From page 98, the Court considers the freedom of speech and expression. It spends about twenty-five pages dealing with a submission that seems to be something of a straw man: that the word “defamation” under Article 19(2) ought to be read in conjunction with “incitement to an offence“, which follows it, and therefore be given a restricted meaning. After citing extensively from the Constituent Assembly Debates, the Court rejects this submission. Without going into the merits of the Court’s examination of the Constituent Assembly Debates, this argument proves nothing. The core of the case against criminal defamation is not that the word “defamation” under Article 19(2) must be read to exclude criminal defamation, but that criminalising defamation in the manner that the Indian Penal Code does is an unreasonable restriction upon free speech.

From page 123, the Court considers the argument that criminalising defamation is disproportionate, since defamation is a private wrong. The Court observes:

“Individuals constitute the collective. Law is enacted to protect the societal interest. The law relating to defamation protects the reputation of each individual in the perception of the public at large. It matters to an individual in the eyes of the society. Protection of individual right is imperative for social stability in a body polity and that is why the State makes laws relating to crimes. A crime affects the society. It causes harm and creates a dent in social harmony. When we talk of society, it is not an abstract idea or a thought in abstraction. There is a link and connect between individual rights and the society; and this connection gives rise to community interest at large.” (page 123)

This, however, is no reasoning at all, since it effectively dissolves the distinction between private and public wrongs altogether. If individuals make up society, and if therefore a wrong to an individual is ipso facto a wrong to society, then there’s no such thing as an individual wrong in the first place.

The Court attempts to buttress its argument by citing numerous English authorities that have questioned the distinction between public and private wrongs. At the end of its citations, however, it accepts the distinction as lying between the violation of individual civil rights, and breaches of “public” rights or duties. (page 127) The Court then spends a few pages extracting quotations from various judgments that talk about what constitutes a crime. At the end of it, it observes that “it cannot be stated that the legislature cannot have a law to constitute an act or omission done by a person against the other as a crime. It depends on the legislative wisdom.”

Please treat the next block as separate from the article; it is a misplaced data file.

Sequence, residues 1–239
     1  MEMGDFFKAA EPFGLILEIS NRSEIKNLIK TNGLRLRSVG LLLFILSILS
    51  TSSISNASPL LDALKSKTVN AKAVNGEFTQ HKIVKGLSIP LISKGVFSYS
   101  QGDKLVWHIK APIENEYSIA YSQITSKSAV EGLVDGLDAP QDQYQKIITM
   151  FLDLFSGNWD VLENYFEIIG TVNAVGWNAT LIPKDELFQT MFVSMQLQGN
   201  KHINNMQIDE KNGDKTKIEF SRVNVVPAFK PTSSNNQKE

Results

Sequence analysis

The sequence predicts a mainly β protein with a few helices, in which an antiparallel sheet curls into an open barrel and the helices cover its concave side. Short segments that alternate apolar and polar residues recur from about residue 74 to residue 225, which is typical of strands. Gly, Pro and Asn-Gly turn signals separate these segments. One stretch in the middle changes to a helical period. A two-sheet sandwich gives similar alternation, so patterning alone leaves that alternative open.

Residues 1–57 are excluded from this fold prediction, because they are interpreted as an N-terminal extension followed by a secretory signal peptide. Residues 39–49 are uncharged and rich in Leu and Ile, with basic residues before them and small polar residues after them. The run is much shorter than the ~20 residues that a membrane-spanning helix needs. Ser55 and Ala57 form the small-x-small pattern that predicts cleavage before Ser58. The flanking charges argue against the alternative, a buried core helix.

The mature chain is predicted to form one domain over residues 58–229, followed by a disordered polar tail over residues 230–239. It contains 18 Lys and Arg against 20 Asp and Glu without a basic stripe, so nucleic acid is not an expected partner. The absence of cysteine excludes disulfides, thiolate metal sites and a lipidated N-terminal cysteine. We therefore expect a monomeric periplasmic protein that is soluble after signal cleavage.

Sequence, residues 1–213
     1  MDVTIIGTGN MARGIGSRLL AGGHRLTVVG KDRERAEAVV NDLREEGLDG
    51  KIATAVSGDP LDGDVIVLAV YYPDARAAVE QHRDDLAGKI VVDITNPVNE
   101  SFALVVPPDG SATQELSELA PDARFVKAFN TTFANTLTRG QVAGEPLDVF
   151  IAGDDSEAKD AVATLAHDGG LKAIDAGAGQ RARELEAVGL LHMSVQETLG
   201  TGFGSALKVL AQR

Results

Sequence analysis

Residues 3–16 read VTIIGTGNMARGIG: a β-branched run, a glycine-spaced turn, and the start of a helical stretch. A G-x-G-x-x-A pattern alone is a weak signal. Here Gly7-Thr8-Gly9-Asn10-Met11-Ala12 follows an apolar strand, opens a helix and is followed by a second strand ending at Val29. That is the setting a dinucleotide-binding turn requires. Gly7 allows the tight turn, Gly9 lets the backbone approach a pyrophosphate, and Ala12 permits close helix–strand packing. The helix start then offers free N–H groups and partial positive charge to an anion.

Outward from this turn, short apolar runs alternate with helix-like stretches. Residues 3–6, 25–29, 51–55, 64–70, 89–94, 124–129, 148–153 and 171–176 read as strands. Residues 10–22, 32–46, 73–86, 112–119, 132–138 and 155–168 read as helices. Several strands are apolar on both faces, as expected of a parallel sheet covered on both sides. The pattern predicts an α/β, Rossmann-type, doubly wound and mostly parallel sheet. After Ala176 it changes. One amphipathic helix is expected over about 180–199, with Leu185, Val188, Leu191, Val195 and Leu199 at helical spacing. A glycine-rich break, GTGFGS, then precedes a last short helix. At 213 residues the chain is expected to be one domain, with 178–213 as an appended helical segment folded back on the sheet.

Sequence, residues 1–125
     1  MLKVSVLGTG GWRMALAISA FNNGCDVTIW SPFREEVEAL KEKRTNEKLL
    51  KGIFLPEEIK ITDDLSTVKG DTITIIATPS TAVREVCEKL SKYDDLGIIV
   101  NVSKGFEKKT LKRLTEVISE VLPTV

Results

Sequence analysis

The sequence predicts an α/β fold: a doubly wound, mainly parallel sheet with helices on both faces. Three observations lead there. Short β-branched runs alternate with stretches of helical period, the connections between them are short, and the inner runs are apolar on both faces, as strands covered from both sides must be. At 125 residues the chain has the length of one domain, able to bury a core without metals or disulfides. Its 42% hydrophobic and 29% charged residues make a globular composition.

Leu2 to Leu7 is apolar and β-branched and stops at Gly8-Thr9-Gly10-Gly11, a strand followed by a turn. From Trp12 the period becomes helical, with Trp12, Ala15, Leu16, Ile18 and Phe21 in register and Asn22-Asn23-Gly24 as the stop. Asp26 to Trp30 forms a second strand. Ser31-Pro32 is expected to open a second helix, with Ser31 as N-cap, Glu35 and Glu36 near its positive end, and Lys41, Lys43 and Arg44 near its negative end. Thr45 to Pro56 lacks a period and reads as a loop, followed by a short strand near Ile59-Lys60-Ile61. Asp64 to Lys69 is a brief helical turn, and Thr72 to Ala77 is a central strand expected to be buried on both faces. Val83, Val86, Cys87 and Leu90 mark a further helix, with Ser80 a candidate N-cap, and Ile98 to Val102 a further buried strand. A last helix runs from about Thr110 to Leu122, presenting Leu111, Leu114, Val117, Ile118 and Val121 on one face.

No further analysis is offered on this point. The main contention – that criminalising a private wrong is a disproportionate – and therefore, unreasonable – restriction upon free speech, is not considered by the Court.

From page 138, the Court embarks upon a topic titled “Sanctity and significance of freedom of speech and expression in a democracy.” The next 30 pages may be skipped, as the Court extracts quotations from various judgments dealing with value of freedom of speech in a democracy. From page 166, it begins a discussion on “reasonable restrictions”. Various judgments are extracted. The Court sums up its discussion by observing that “The principles as regards reasonable restriction as has been stated by this Court from time to time are that the restriction should not be excessive and in public interest.” (page 175) This, it bears repeating for the umpteenth time, is entirely incorrect. Article 19(2) does not have a public interest restriction. Numerous judgments, from Shreya Singhal to Sakal Papers, have pointed this out. Other sub-clauses under Article 19 do. The Court cannot justify restrictions upon the freedom of speech by invoking public interest. It is extremely unfortunate that this basic textual error continues to be made, sixty-five years after the Constitution.

From reasonable restrictions, the Court then leaps straight to Article 21. No analysis is given about the link between the two. Under a heading called “Balancing of Fundamental Rights”, commencing from page 182, the Court deals with “balancing” the right to reputation under Article 21, and the freedom of speech and expression under Article 19(1)(a). After spending a few pages dealing with various cases on balancing rights, the Court then cites the In Re Noise Pollution Case (whose incorrect reasoning I had commented on a few days ago) to hold: